Bangkok to talk frigate purchase with Beijing
The government has formed a committee to negotiate with a Chinese team on purchase of three frigates to enhance Thai’s naval strength in the resourceful Gulf of Thailand, officials said. Both the sides will work out details of the state-to-state frigate purchase agreement the groundwork of which was laid during the visit of Prime Minister Wen Jiabao to Thailand in November 2012.
The Thai government has recently approved the purchase of two medium-sized frigates with a budget of 1 billion U.S. dollars after denying allegation about the countrys navy persistent request for submarines. However, Beijing had offered three of its Type 054T frigates at a very lower rate and the number of the frigates on conditions that Bangkok can not be denied. Some source said these special offer include six Z-9EC ASW helicopters.
Officials said the armed forced division had planned to utilize budgetary allocations of the 1 billion U.S. dollar fund, approved by the Yingluck Cabinet for the procurement of the frigates, is to be spent for a 10-year period, beginning from current fiscal year. The three frigates are unlikely be procured at the same time.
Type 054T frigate may be an improved version of the Type 054A frigate, possibly designated F40T, for which discussions have been held between Thailand and China.
Officials said commissioning of the type 054T frigates would help the capability of the Thai maritime force in Anti-submarine warfare in the Gulf of Thailand, the dimension of which had changed a lot in the last one decade amid growing interest of Cambodia, Malaysia and Vietnam in the area.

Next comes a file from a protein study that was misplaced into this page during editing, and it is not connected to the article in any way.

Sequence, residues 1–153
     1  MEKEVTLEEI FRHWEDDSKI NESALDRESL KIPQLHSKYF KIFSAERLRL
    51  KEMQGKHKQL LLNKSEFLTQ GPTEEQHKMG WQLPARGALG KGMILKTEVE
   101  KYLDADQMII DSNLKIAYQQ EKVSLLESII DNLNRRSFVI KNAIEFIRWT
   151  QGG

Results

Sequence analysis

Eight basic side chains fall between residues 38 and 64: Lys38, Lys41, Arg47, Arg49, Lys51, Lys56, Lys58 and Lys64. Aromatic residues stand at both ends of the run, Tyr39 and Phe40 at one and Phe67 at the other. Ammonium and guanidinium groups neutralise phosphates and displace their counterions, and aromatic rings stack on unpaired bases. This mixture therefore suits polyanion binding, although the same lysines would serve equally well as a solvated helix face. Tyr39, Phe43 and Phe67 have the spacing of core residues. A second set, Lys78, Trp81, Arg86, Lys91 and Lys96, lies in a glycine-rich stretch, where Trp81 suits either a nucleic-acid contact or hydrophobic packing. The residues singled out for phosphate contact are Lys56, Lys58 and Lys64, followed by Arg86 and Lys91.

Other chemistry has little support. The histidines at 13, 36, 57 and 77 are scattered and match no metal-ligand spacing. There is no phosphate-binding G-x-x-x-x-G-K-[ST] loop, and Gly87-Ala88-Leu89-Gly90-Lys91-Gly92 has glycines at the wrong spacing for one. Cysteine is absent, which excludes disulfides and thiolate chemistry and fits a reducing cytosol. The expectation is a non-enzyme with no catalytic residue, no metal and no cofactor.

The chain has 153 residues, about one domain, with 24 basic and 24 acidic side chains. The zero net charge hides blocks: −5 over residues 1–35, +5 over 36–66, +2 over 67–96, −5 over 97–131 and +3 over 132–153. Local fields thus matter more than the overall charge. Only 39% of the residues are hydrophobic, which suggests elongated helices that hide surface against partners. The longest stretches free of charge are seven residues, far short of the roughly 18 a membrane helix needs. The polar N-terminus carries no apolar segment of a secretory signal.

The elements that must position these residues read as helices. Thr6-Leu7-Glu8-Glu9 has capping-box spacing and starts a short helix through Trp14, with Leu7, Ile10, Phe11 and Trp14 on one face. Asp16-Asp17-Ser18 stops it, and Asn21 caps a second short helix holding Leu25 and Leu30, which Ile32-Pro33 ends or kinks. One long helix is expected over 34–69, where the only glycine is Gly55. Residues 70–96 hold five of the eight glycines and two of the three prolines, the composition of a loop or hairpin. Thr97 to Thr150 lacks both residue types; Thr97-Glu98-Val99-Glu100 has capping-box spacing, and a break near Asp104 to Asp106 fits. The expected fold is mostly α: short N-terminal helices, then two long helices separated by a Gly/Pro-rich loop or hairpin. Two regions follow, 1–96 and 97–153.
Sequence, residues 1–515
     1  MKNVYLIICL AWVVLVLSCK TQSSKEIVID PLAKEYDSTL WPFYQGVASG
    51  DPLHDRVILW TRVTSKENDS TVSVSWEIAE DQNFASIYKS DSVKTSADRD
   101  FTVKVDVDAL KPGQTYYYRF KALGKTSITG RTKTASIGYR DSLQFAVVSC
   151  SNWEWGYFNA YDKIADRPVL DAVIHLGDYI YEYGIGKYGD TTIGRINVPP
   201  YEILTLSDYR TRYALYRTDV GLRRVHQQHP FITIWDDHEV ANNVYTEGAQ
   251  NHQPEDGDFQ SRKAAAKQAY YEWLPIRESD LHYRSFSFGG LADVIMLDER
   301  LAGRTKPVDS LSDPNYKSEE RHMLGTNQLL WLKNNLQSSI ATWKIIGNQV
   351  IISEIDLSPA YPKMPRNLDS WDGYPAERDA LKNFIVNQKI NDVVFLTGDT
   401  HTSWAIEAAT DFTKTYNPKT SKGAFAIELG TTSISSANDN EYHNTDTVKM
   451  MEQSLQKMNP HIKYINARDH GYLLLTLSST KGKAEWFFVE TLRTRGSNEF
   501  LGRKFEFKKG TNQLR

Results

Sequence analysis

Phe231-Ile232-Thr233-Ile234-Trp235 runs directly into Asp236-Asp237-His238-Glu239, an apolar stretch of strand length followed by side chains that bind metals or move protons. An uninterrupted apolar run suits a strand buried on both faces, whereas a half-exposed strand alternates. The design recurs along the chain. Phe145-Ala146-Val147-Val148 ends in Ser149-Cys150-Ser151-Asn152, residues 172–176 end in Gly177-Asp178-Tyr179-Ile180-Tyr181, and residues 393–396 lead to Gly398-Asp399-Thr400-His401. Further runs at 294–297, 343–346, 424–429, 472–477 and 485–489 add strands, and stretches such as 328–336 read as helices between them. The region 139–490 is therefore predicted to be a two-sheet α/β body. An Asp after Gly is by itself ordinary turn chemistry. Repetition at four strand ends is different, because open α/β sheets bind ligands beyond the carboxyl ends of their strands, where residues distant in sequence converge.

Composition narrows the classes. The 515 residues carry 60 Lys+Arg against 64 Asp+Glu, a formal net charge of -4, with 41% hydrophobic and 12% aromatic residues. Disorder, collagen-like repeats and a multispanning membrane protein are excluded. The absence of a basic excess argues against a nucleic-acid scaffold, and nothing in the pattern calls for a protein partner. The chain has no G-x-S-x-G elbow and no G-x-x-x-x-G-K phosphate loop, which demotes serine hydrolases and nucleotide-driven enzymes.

Officials also said Malaysia also plans to acquire two more Scorpène class submarines and Vietnam has recently purchased from Russia six Kilo class submarines and Russian submarine have already been delivered, the delivery of all six submarines will be completed before 2016 and most important thing is Cambodia has already started Submarine project.
Thailand and its neighbor Cambodia were on the edge of conflict in the Gulf in the past 10 years over oil and gas exploration by the latter in the disputed areas. Both the countries had engaged in legal battle over the disputed areas in an international court.
Besides, Thailand is still running a legal battle against another neighbor, Malaysia, over maritime boundary and also the most revealing public statement by any military top brass on the nature and consequences of the Thai Deep South conflict since violence resumed in January 2004.
Monday, September 13, 2010
Made-in-China warships off to Gulf of Aden
Hunt begins for Somali pirates
Armed task force sets sail on security mission
Two Thai navy ships with 351 sailors and 20 special warfare troops on board have set sail for the Gulf of Aden to take part in the hunt for pirates off the coast of Somalia.
The mission marks the first time Thailand has sent forces overseas to protect its own interest.
The HTMS Pattani and HTMS Similan left yesterday with two helicopters lashed to the decks from Chuk Samet port at Chon Buri's Sattahip naval base to join a 28-country effort to police the shipping lanes off the Somali coast, which has become a piracy hotbed.
"The key mission of this 98-day operation is to protect Thai cargo ships and fishing vessels in those waters," said Adm Supakorn Buranadilok, Commander of the Royal Thai Navy Fleet.
The navy expects up to 60 Thai ships to pass through the Gulf of Aden during the course of the operation.
The navy's SEALs unit will be part of the fleet involved in the mission.
The budget for the mission has been set at 270 million baht.
The ships are expected to take 17 days to reach the Gulf of Aden on a journey covering 4,573 nautical miles.
The ships are expected to return about Dec 12.
Two navy ships with 371 sailors and special warfare marines on board set sail from Thailand to take part in international operations to protect ships from pirates in the Gulf of Aden and off Somalia. JETJARAS NA RANONG
Political chaos and civil war in Somalia have allowed piracy to flourish off the country's 3,100km coastline.
Somali pirates were involved in more than half of the 406 reported pirate attacks worldwide last year.
They mounted 217 attacks in 2009, hijacking 47 ships and taking 867 crew members hostage with ransoms believed to total US$50 million (1.6 billion baht).
A number of Thai ships have been hijacked by Somali pirates over the past five years.